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Did you know the CARES Act might allow for a refund for you if you own a building?

A Little-known CARES Act Provision

By: Warren Dazzio

Amidst all of the pandemic, a little-known CARES Act change provides a considerable cash flow windfall for building owners.  The CARES Act provides a provision that allows building owners to get a federal refund back on their individual tax return from a prior year when they paid taxes.  It is a little-known provision that has gotten lost in the hustle and bustle of the grab for PPP loans.  


The CARES Act allows for a five-year carryback of NOLs arising in 2018, 2019, and 2020.  What is an NOL?  An NOL is a Net Operating Loss. You can have an NOL by having more expenses than income. In this pandemic time, that is easy to happen.  You can also create an NOL on paper through several tax strategies.  An NOL is created at the business level and flows from the business to the individual’s returns.  If you have more losses than you have gains, the CARES Act allows you to go back five years and apply those losses to income from a previous year.  The result is a refund in the current tax cycle.  


Many people who are familiar with Cost Segregation are about to see an “aha” moment.  Before the CARES Act, a Cost Segregation Study created a loss that had to be rolled forward to a future year.  A Cost Segregation Study allows certain individuals and entities to create an NOL and obtain a refund based on the new CARES Act rules. So instead of rolling the extra Cost Segregation results forward, you may now have the option of rolling them back to obtain a refund.  


What is a Cost Segregation Study?  The US Tax Code allows building owners to depreciate their property in two ways.  Straight-line depreciation basically allows a commercial building owner 1/39th of the cost of their buildings to offset income every year for 39 years.  In the case of a residential rental, it is 27.5 years.  An engineering-based cost segregation study is the method of separating a building out into various parts and accelerating the depreciation of those parts into shorter tax lives (most commonly 5-, 7-, 15-, and 15-year QIP).  This creates a more significant amount of depreciation that offsets business revenue.  Items like specialty flooring, specialty wiring, security systems, specialty lighting, landscaping, and paving are all items that can be accelerated.  Older buildings, new construction, and new acquisitions all qualify.  The best part is that you don’t have to amend any returns, even for older buildings, to capture this.  The result is reduced income taxes for the building owner, and now the CARES Act also adds the option of a refund.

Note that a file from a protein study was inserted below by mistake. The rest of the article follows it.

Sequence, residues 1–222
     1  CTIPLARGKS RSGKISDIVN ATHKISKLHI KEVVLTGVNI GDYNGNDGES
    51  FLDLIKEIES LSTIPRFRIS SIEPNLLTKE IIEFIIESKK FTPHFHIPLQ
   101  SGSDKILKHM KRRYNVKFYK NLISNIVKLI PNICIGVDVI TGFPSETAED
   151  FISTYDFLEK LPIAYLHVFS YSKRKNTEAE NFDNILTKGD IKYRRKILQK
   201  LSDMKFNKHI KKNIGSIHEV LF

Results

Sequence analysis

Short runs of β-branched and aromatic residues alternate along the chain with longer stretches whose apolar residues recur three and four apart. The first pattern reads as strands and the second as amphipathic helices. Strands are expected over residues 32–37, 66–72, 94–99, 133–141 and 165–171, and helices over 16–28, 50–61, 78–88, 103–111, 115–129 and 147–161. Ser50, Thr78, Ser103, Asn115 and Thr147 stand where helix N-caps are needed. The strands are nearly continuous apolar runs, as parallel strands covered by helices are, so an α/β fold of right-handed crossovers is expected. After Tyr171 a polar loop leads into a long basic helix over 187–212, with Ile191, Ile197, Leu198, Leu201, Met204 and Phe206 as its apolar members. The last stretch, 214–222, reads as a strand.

Active and passive rules apply, so talk to your tax professional.  You may be leaving a refund check on the table.  Reach out to us to have a conversation to see if you might qualify.